¶ 8 A district court's findings of fact are reviewed to determine whether they are clearly erroneous. In re Marriage of Stufft (1997), 286 Mont. 239, 250-51, 950 P.2d 1373, 1379 (citing Interstate Production Credit v. DeSaye (1991), 250 Mont. 320, 322, 820 P.2d 1285, 1286). To determine whether they are clearly erroneous, we consider: 1) whether the findings are supported by substantial evidence; 2) if the findings are supported by substantial evidence, whether the district court misapprehended the effect of the evidence; and 3) where the district court's findings are supported by substantial evidence, and the evidence has not been misapprehended, whether "review of the record leaves the court with the definite and firm conviction that a mistake has been committed." Interstate Production Credit, 250 Mont. at 323, 820 P.2d at 1287 (citing United States v. United States Gypsum Co. (1948), 333 U.S. 364, 68 S.Ct. 525, 92 L.Ed. 746). The standard of review of a district court's conclusions of law is whether the district court's conclusions are correct. In re Marriage of Brown (1994), 263 Mont. 184, 187, 867 P.2d 381, 382 (citing Burris v. Burris (1993), 258 Mont. 265, 269, 852 P.2d 616, 619).

DISCUSSION

¶ 9 Keith assigns error to several of the District Court's findings and in turn to the methodology employed by Mr Bourdeau. We have classified his criticisms as follows.

A. Failure to consider income from years other than 1999.

¶ 10 Keith contends that the District Court erred by calculating his actual income for child support purposes based on his income for 1999 alone, rather than taking a three-year average as required by law. He alleges this error resulted in a skewed and inaccurate portrayal of his income.

¶ 11 In determining child support obligations, a district court must follow the Child Support Guidelines (Guidelines) unless clear and convincing evidence is produced demonstrating that the application of the standards and guidelines is unjust to the child or to any of the parties, or is inappropriate in that particular case. Section 40-4-204(3)(a), MCA; See In re Marriage of Albinger, 2002 MT 104, ¶ 12, 47 P.3d 820,

¶ 12, 309 Mont. 437, ¶ 12. The Instructions for Completing Child Support Worksheets provide that determination of the income for a self-employed parent usually requires an average of at least three years of the net income from Schedule C of that parent's income tax returns.

¶ 12 This Court has recommended consideration of at least two years of income taxes when a district court is determining gross income. In re Marriage of Jacobson (1992), 251 Mont. 394, 399, 825 P.2d 561, 565. Furthermore, Rule 37.62.108(3)(a), ARM, provides that income should be annualized to avoid the possibility of skewed application of the Guidelines based on temporary or seasonal conditions. The period over which income is averaged should be sufficient to accurately reflect the parent's earning ability. Rule 37.62.108(3)(a), ARM. While Worksheet A does not mandate calculating income using a three-year average, the Guidelines and our cases create a strong preference for averaging income. Finally, a district court must be realistic and take the actual situation of the parties into account when calculating child support obligations. In re Marriage of Noel, 265 Mont. at 252, 875 P.2d at 359. The end sought is equity and accuracy in determining income of the party charged with child support obligations, while serving the best interests of the child. It would serve no one's best interests to attribute unrealistic income to a parent. If we expect a parent to meet both his needs and the needs of the children, child support calculations must be realistic.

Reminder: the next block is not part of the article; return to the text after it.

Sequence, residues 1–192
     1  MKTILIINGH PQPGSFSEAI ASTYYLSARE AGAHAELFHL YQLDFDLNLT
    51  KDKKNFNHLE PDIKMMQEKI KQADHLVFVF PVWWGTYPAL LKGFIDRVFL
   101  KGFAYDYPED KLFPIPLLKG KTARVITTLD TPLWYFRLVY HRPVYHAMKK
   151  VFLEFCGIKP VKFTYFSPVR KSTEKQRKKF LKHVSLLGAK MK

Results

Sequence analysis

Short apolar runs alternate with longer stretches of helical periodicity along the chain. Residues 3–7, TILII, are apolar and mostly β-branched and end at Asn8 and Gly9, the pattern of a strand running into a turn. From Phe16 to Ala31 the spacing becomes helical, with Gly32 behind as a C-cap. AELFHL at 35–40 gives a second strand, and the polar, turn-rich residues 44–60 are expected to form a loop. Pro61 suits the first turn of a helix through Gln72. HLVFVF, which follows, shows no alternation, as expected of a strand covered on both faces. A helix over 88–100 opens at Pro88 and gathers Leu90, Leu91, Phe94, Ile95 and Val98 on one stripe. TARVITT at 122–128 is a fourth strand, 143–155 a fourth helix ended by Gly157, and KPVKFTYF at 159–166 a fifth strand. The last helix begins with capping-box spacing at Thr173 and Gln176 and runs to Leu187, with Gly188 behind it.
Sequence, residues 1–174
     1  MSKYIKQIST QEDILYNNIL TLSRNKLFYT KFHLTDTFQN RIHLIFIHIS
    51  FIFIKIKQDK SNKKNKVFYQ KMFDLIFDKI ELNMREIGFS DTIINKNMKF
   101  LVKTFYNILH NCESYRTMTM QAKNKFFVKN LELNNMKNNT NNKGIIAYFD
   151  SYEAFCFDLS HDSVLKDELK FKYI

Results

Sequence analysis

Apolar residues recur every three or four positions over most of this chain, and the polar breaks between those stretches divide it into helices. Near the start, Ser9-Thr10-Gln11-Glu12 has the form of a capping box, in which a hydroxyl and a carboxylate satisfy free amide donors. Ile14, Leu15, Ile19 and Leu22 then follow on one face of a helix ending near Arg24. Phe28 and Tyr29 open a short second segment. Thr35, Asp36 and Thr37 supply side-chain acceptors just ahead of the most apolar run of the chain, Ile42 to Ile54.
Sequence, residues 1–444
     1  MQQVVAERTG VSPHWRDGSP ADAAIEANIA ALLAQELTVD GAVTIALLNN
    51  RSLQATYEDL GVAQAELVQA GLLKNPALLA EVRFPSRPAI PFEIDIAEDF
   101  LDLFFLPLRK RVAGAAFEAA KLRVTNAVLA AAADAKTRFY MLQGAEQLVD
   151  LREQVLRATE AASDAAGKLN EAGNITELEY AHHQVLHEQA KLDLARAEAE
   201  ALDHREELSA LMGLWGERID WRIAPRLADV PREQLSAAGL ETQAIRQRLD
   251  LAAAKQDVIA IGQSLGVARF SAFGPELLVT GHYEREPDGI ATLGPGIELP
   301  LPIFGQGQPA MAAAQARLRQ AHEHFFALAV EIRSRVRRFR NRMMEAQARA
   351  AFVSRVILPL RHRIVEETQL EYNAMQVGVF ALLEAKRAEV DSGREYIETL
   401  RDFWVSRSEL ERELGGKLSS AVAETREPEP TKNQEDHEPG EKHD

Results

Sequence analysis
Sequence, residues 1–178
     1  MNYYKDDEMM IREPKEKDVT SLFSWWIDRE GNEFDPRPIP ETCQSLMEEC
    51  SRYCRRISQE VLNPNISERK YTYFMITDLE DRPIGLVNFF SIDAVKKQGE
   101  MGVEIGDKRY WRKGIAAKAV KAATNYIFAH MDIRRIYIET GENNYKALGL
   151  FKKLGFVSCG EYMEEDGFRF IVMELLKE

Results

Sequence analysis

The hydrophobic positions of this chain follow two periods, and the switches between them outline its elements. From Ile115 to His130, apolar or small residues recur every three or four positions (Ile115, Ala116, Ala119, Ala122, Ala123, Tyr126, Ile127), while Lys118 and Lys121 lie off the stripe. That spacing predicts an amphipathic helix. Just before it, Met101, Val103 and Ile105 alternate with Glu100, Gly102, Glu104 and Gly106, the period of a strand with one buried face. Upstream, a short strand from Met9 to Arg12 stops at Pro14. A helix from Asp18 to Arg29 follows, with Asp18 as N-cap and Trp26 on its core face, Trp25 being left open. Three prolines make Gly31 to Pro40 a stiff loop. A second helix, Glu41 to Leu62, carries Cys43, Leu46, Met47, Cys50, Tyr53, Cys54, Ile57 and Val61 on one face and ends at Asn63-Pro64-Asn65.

¶ 13 Patricia cites two cases in which this Court affirmed a district court's award of child support based upon one year's income. In re Marriage of Jacobson, 251 Mont. at 399, 825 P.2d at 565; In re Marriage of Nash (1992), 254 Mont. 231, 235-36, 836 P.2d 598, 600-01. While we did not require evidence of income from more than one year in either case, the cited cases are inapplicable due to the factual differences from this case. In both Jacobson and Nash, the obligated parties were employees receiving wages rather than self-employed individuals. In re Marriage of Nash, 254 Mont. at 233, 836 P.2d at 600; In re Marriage of Jacobson, 251 Mont. at 399, 825 P.2d at 565. The preference for a three-year average on net income expressed in Worksheet A applies to self-employed individuals who do not receive income in the form of wages or a salary. A salaried employee or wage earner's income can be more easily ascertained by reviewing one year of income because, absent a foreseeable promotion, salary or wages can be presumed to remain consistent or predictable over a period of time. However, self-employment is not as predictable. Self-employed business owners experience fluctuations in profits from year to year. Therefore, it is necessary to consider the business history to fairly and accurately determine income.

¶ 14 We conclude that the District Court abused its discretion when it based determination of Keith's income on only what he earned in 1999. Income for a self-employed parent should be calculated based on a three-year average of that parent's net earnings. A district court is not permitted to deviate from the Guidelines absent clear and...